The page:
September 2, 2010 at 4:42 pm |
  21. Texas Pete

    I would grab all the sandwiches I could, and hike over to the nearest homeless shelter and start handing them out. That will teach the yuppies.

    September 2, 2010 at 4:37 pm |
  22. Kate

    Breadlvr, I hope you don't think that labor is included in sit-down restaurants. I have a full time job as a travel agent, and have to wait tables at nights to get by, despite my college degree from a very reputable university. I get paid $2.50 an hour. I certainly hope you aren't one of the a$$holes who just don't tip, or only tip a dollar, because you assume our paycheck is covering it. It doesn't. Stop being scummy and pay- if you are eating out and having people serve you then you need to reciprocate financially.

    September 2, 2010 at 4:27 pm |
    • Texas Pete

      Sounds like you should have majored in something worthwhile instead of philosophy or interpretive dance.

      September 2, 2010 at 4:38 pm |
    • Artemis

      Texas Pete:
      I, too, waited tables for the first six years of my career because my career field required a Masters degree, and the student loans approached six figures. I used that money to get the amount reduced to a manageable monthly payment for less interest in the long run, and waiting tables offered the flexibility for nights and weekends that I couldn't get in my career field (and it paid off because I was young enough to do it, at the time).
      I doesn't seem like you were thinking outside the box.

      September 2, 2010 at 8:12 pm |
  23. SPRINGSGRANNY

    I can't believe the people who would take advantage of a nice gesture. No wonder America is going to pot! You're the same people who complain about everything and are part of the problem!!!! Grow up and take responsibility for your actions....what happened to the Golden Rule? You probably never heard of it.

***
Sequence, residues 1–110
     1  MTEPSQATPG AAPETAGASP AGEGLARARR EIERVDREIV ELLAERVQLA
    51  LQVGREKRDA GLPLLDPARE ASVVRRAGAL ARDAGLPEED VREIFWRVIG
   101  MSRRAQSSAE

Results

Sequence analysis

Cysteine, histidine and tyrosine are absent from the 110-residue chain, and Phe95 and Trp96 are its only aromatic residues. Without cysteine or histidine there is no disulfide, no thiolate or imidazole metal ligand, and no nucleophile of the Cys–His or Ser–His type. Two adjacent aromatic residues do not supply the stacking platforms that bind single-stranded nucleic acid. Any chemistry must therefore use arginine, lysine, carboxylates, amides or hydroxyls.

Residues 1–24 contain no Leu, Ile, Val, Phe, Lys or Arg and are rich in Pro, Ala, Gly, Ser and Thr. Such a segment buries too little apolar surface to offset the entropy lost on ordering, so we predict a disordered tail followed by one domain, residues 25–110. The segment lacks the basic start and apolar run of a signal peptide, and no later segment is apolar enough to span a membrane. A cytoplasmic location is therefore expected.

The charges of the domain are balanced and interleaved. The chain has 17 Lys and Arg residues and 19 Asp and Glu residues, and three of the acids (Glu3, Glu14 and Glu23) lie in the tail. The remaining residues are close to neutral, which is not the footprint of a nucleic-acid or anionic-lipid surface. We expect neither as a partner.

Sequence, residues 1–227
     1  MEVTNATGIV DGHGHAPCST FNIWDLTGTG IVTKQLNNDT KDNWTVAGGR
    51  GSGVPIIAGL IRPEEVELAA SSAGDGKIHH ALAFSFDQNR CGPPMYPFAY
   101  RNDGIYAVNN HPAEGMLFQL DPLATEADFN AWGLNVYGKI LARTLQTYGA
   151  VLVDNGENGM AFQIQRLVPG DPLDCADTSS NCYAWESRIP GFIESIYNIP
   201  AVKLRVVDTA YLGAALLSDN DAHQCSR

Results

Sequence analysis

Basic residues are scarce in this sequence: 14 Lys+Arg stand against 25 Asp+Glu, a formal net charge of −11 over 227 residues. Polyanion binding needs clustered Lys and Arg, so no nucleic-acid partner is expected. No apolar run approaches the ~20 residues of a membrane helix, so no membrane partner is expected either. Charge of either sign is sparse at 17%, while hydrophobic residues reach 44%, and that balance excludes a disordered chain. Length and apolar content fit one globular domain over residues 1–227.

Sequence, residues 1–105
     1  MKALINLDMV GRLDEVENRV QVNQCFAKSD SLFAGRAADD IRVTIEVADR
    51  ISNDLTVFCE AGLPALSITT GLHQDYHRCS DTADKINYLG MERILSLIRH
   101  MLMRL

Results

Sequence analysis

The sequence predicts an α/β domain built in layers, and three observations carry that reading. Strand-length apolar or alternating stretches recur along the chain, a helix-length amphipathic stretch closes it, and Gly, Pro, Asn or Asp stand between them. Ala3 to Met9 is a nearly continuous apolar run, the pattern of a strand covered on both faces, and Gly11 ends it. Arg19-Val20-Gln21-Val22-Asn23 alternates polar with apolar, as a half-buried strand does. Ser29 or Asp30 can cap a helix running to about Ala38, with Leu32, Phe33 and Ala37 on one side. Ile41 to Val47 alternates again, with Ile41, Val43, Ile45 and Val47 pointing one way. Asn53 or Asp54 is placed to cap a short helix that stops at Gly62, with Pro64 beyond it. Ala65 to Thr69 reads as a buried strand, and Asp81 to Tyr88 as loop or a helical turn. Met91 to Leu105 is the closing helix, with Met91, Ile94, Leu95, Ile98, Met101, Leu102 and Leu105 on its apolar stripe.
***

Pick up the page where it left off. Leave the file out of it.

September 2, 2010 at 4:25 pm |
    • Kathleen

      I'm with Granny.

      September 3, 2010 at 9:25 am |
  24. John D

    Yeah, but they won't dare put one of these stores in a low income area. We'll go ahead and let people in an affluent area pay what they choose. Nice way to seem like you're being noble...but not really.

    September 2, 2010 at 4:15 pm |
  25. Breadlvr

    When you pay what you think it's worth, do consider the labor cost too. Because that's where the main portion of the fee goes to...that's why I think it's pointless to leave a tip since the menu price includes the labor.

    September 2, 2010 at 4:15 pm |
    • Artemis

      Not at most of the sit-down restaurants out there. They have waitstaff, but their pay rate is somewhere between $2.01 to 2.96 per hour where I live, which also include no benefits (insurance, holidays or sick time). So, no, the price of the meals include the cost of the cooks and dishwashers only (usually 1/2 or so of staff).

      September 2, 2010 at 8:05 pm |
  26. always runnin out of frontega chicken

    I'd pay what I owe, but they'd have to stop running out of panininis first!!!

    September 2, 2010 at 4:07 pm |
  27. amayda

    I am a cheap-skate and a deal seeker, but when it comes to food I will pay for quality. However, if you want to give great food away for free, I'll take it.

    September 2, 2010 at 3:52 pm |
  28. John

    Once word gets out on this "payment method" I bet the number not paying at all will increase dramatically as people who would never both to stop and pay for something there will go out of their way to grab it for free.

    It's to bad, my wife loves some of their stuff and she'll miss it once they've gone bankrupt.

    September 2, 2010 at 3:47 pm |
  29. Cieje Valentine

    I don't like their stuff nearly enough to drive across town and waste my gas.. Even if the meal was free. Goodluck to PB though.. They'll need it.

    September 2, 2010 at 3:47 pm |
  30. Mark Downs

    Either the CEO is one of those sickeningly sunny optimists, or he wants to save money by not hiring cashiers or not investing in POS machines. Doesn't matter, either it lasts only 1 month max, or Panini files for Chapter 7.

    September 2, 2010 at 3:46 pm |
  31. me

    I, personally, would over pay so that someone who needs it can eat. Yes, there are those who will under pay, because they don't know how much to pay, and there are those scum who will not pay at all, when they can afford it.

    September 2, 2010 at 3:26 pm |
  32. Leah (TXanimal)

    The majority of the votes are "I'd pay what I owe". Right. Who here paid the sticker price for their car? Exactly.

    September 2, 2010 at 3:05 pm |
    • Texas Pete

      I bought my car at an auction. They are way cheaper that way, especially these last couple of years.

      September 2, 2010 at 4:39 pm |
    • Artemis

      Not quite the same.